Lothians: About 1.5 miles south and west of Edinburgh Castle, on minor road west of the A702, in the Merchiston area of Edinburgh, part of Napier University.
Private NT 243717 OS: 66 EH10 5DT
Web: Napier University
Merchiston Castle is an altered strong 15th-century tower, now L-plan, of four storeys and a gabled attic. A corbelled-out parapet has rounds at each corner, and there is a conical-roofed
The basement is vaulted and contains a cellar, reached by a narrow stair, while the ground floor houses the kitchen with a wide fireplace. A turnpike stair, in one corner, climbs to the upper floors. The castle has been altered inside, and later extensions have been demolished. A risque painted ceiling, depicting all manner of wickedness, from Prestongrange House (home to the Royal Muselburgh Golf Club) was installed when the ceiling was thought at the time to be too licentious for a respectable golf club .
‘Marchistoun’ is marked on Blaeu’s map of The Lothians, then ‘Merchistoun’ on Adair’s map of Midlothian with a garden and woods.
Merchiston was a property of the Craigies in 1367, but passed to the Napiers of Merchiston, three of whom were Lord Provosts of Edinburgh. Sir Alexander was slain at Flodden in 1513, while Alexander Napier of Merchiston was killed at Pinkie in 1547. Mary, Queen of Scots, visited the castle. In 1572 it was besieged by the Regent Morton, who bombarded it from Edinburgh Castle. Sir Archibald Napier refused to surrender the castle to the Regent Mar, and it resisted another siege, although the walls were breached by cannon.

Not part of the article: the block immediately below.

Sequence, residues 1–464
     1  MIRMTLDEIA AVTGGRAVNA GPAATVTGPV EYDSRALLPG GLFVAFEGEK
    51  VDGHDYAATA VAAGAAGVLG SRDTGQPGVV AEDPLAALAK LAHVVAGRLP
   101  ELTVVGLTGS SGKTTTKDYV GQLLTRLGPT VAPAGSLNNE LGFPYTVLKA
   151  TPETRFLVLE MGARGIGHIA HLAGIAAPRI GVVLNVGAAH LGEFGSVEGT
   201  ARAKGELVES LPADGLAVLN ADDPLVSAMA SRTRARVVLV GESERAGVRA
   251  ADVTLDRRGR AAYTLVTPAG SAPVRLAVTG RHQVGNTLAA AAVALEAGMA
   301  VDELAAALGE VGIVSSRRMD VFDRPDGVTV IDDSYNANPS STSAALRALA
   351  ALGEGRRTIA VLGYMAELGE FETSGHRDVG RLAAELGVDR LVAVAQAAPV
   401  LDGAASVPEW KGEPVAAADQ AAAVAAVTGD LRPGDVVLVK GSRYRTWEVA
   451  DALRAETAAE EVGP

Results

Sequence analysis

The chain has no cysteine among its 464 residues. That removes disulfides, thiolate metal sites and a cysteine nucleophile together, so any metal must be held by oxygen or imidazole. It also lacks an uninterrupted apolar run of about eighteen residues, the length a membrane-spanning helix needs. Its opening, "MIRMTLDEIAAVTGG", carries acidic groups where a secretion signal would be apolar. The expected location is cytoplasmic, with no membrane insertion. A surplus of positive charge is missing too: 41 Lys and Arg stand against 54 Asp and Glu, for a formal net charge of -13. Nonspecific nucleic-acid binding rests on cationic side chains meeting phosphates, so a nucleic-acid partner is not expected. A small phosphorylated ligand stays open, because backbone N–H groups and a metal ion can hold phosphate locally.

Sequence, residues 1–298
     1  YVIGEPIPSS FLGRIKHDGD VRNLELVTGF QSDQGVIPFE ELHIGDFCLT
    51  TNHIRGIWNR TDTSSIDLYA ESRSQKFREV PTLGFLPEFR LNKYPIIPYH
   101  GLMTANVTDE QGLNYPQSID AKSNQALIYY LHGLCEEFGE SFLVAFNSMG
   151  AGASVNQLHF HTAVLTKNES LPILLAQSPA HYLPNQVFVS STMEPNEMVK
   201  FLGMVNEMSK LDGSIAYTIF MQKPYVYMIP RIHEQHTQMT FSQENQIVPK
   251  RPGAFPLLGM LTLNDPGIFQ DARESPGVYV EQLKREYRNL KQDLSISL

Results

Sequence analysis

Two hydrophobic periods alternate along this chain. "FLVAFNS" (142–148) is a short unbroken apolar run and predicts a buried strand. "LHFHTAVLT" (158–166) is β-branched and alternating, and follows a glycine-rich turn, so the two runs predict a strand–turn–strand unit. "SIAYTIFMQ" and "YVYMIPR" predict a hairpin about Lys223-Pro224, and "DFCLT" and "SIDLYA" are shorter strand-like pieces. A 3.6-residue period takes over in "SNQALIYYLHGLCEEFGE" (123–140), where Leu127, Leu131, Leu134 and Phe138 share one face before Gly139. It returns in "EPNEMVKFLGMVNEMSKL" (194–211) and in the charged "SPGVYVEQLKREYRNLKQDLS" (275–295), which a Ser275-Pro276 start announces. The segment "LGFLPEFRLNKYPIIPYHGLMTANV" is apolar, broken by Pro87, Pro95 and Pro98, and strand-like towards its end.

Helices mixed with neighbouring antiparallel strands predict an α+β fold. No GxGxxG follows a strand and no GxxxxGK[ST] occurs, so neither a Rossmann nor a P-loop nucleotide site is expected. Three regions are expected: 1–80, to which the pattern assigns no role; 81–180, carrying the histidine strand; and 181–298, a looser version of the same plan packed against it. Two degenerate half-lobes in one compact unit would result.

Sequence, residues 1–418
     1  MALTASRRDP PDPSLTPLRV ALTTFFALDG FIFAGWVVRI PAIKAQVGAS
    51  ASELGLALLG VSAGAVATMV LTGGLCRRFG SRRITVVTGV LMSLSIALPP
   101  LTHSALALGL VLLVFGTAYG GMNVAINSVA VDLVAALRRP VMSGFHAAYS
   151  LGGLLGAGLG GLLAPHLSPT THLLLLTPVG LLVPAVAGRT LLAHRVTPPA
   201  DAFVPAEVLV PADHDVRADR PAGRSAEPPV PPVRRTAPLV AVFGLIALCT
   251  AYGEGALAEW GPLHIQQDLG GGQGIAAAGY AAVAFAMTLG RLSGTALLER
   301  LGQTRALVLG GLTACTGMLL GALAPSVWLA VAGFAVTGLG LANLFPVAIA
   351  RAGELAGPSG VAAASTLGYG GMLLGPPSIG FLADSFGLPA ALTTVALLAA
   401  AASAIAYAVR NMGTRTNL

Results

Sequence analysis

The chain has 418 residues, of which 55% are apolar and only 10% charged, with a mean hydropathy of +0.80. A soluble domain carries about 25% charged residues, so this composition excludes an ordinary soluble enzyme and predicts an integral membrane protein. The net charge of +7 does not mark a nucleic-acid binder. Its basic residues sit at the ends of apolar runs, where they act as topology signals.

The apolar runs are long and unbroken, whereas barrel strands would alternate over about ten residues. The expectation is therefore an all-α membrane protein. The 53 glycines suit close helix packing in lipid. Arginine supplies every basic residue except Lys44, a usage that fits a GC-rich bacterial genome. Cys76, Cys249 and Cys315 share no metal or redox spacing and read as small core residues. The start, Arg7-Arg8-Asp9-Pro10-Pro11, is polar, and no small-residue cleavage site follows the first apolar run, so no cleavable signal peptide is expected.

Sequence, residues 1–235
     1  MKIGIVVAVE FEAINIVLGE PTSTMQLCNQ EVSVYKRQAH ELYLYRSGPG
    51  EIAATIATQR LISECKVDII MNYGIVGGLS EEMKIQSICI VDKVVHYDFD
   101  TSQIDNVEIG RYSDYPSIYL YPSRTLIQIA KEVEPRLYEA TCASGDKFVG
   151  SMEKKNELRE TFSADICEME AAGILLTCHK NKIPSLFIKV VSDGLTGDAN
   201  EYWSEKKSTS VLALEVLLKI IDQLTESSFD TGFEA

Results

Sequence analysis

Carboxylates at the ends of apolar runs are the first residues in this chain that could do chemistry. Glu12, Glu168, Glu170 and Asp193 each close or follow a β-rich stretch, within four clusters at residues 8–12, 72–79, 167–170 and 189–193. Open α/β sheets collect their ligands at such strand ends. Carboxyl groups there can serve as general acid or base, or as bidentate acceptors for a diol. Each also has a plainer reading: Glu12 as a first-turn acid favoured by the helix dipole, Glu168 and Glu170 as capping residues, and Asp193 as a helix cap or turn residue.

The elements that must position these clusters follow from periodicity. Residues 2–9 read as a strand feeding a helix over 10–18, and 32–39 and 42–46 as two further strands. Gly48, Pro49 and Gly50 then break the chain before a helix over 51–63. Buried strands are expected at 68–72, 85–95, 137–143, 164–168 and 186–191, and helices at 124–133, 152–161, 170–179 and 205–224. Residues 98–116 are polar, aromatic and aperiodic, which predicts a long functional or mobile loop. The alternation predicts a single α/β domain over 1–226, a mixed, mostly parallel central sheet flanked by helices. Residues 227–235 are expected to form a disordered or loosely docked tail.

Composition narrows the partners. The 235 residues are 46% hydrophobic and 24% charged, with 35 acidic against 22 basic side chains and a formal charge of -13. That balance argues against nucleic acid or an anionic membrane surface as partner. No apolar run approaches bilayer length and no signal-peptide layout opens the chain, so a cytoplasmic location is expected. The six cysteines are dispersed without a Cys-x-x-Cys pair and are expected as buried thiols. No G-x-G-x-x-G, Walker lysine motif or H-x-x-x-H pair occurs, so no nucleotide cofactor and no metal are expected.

John Napier, the inventor of logarithms, was born at the castle in 1550. Sir Archibald Napier was made a baronet in 1627, and the family were made Lords Napier of Merchistoun. The two titles parted company as the Lordship could pass through the female line, but the baronetcy of Nova Scotia could not; the former passed by marriage to the Scotts, but they took the name Napier.
In 1646 Mr John Cant had a ratification which mentions the lands and barony of Merchiston, with the tower, fortalice, manor place etc. The property was sold to the Lowis family in 1668, but they had to sell it in 1728 when they became bankrupt.
In 1833 the castle was let to Charles Chalmers and a school was founded at Merchiston. In 1914 the property was let to Merchiston Castle School Ltd, but in 1924 the school moved to a new site at Colinton. In 1935 the castle passed to the City of Edinburgh, and was used by the National Fire Service during World War II, although the surrounding 19th-century buildings were then demolished.
The building became derelict and was threatened with demolition. In 1958 the castle was ‘restored’ and incorporated into Napier Technical College, now Napier University, by slapping a corridor through the wing, the kind of restoration that could only happen in the 1960s. The gate survives to the east of the main university building.
The Napiers of Merchistoun and Ettrick lived at Thirlestane until the 1960s when their house was demolished because of dry rot and now live in England; the Napiers of Merchistoun, baronets, live in South Africa.